Geyser University Professor Henry Rosovsky stressed the need for a liberal arts education last night after a Mather House dinner celebrating Harvard's 350th birthday.
Colleges must establish a broad-based general education which is essential to understanding the world as well as oneself, Rosovsky said to about 70 listeners in the Mather House dining hall.
In a preface to his talk, the former dean of the Faculty of Arts and Sciences defended the undergraduate 350th celebrations.
Quoting a Harvard Crimson Sept. 30 editorial entitled "An Unhappy Birthday," Rosovsky rebutted criticisms of this week's events celebrating the 350th.
Rosovsky read aloud an excerpt from the editorial that said, "The 'presence of distinguished alumni and affiliates in the houses,' so pompously promoted for the 350th, is supposed to be an everyday occurrence. The fact that it takes a very special occasion indeed to bring Henry Rosovsky to Mather House offers an honest but ironic commentary on the distance between undergraduates and Harvard's elder elite."
"If I came to Mather House every night, they would show me the door," said Rosovsky, who will be acting president for three months during President Derek C. Bok's sabbatical next semester.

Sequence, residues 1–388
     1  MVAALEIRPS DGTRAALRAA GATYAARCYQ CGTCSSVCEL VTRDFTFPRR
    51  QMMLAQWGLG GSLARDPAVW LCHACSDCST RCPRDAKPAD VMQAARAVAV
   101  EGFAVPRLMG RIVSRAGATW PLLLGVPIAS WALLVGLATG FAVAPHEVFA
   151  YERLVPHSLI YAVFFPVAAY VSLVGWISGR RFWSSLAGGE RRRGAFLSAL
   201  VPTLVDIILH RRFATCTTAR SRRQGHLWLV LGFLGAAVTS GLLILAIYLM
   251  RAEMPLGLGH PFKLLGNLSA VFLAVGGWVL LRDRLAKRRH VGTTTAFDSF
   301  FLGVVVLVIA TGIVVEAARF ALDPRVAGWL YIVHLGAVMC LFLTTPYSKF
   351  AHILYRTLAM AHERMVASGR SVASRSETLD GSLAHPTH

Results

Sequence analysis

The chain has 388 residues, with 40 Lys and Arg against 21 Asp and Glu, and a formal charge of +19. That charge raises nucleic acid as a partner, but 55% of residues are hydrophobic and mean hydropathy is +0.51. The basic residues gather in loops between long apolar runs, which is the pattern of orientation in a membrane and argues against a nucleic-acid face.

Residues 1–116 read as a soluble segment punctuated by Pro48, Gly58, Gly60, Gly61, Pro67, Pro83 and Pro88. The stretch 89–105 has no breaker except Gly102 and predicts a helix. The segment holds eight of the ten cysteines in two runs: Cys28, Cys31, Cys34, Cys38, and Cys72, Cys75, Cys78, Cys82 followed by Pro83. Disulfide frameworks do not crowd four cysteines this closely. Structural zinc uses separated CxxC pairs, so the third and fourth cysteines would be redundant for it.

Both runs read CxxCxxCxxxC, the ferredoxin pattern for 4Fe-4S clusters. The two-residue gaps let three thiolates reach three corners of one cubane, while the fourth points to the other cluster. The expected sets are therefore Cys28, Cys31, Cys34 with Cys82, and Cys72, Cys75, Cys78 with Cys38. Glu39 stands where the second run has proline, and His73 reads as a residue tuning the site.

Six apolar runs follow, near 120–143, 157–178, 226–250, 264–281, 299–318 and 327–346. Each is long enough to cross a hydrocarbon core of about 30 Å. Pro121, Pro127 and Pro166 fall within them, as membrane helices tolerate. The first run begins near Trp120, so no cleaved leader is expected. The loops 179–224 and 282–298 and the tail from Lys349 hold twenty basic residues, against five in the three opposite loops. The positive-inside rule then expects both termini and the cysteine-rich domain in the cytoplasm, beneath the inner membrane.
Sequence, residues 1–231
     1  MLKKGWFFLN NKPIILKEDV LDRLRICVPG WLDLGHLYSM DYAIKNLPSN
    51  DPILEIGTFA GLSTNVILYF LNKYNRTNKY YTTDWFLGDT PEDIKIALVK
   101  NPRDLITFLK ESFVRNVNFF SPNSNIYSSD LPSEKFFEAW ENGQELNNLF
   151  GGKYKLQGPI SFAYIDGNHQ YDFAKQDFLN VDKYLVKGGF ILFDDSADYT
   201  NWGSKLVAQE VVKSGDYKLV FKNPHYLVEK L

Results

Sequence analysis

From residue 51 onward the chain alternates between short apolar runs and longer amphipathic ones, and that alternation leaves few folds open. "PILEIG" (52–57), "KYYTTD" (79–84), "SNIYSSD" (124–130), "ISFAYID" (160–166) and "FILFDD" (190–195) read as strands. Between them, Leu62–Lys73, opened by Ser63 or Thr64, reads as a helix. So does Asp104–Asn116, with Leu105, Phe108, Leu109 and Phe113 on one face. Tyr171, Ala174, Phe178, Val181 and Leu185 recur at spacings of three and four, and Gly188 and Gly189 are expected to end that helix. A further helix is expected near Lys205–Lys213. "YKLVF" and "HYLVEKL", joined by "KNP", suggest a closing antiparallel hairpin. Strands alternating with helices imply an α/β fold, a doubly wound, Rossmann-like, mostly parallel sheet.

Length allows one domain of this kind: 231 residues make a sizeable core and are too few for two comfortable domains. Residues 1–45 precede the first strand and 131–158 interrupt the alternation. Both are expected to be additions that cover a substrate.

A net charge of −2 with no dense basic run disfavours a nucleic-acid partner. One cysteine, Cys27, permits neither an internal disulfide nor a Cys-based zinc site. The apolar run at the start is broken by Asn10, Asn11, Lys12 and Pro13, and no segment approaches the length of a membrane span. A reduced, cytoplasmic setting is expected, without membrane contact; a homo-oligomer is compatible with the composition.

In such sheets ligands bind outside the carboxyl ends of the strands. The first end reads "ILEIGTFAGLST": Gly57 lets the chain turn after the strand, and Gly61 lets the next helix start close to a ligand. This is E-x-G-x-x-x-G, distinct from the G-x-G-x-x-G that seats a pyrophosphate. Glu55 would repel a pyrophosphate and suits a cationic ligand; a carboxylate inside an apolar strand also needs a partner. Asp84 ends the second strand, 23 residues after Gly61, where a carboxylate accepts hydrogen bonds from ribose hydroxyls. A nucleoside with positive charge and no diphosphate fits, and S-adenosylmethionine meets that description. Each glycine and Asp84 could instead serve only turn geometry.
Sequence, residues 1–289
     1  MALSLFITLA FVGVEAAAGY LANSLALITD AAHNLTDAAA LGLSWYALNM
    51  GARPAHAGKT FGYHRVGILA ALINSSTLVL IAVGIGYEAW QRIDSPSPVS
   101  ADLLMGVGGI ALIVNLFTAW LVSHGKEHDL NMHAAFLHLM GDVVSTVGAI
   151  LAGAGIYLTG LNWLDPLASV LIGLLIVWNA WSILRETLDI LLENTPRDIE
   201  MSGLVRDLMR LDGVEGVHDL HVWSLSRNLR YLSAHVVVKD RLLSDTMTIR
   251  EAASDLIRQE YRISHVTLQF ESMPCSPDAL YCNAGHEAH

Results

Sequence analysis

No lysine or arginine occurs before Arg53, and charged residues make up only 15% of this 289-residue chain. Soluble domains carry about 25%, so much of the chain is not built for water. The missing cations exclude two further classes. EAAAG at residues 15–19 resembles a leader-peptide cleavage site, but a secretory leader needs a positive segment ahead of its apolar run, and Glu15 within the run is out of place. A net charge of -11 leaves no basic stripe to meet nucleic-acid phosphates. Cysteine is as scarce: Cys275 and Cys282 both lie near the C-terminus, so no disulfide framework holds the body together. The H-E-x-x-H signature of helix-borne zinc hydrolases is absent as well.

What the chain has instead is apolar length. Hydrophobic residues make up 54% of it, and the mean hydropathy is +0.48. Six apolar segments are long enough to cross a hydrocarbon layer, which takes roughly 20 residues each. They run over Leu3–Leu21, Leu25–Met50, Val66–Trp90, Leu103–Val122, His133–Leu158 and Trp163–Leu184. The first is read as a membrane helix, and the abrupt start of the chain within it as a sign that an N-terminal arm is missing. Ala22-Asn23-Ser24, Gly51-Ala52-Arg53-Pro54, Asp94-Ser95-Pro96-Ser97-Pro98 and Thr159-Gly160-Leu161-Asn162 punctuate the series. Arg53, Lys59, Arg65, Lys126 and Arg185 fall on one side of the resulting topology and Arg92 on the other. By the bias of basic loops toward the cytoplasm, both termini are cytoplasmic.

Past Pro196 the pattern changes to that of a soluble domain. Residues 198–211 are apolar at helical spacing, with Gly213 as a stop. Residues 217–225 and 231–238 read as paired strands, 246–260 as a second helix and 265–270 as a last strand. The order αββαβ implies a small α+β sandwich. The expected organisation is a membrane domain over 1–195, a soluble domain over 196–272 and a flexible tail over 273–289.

Rosovsky said the Crimson editorial lacked "humility, humanity, and humor," which he called important elements of liberal education.
Rosovsky, who is also a member of the seven-man Harvard Corporation, Harvard's chief governing body, outlined five assumptions essential for establishing an effective educational system in his address:
. Education must fit the times in which we live.
. One must beware of "academic Bolsheviks"--those who insist on our following their views without question.
. Education should offer a large degree of free choice.
. Theories, rather than specific information, should be emphasized.
. Education should prepare students to be flexible when choosing a career later in life.
Rosovsky ended his speech by enumerating standards he said people must meet in order to earn the title of "being educated."
In addition to being able to communicate one's ideas effectively, "an educated person must also be able to make discriminating moral choices, cannot be unaware of other cultures and other times, and have critical appreciation of the ways we gain knowledge and understanding," he said.
"An educated person has to have good manners," said Rosovsky. "He has to be able to distinguish between what is junk and what has quality."
In a half-hour question and answer session following his talk, Rosovsky described the Faculty of Arts and Sciences' standards for tenuring professors.
"There are professors at Harvard who are so brilliant that it doesn't matter if they can teach," he said. But, he added, Harvard also has professors who are devoted and capable teachers, who compensate for those whose strengths lie outside the classroom.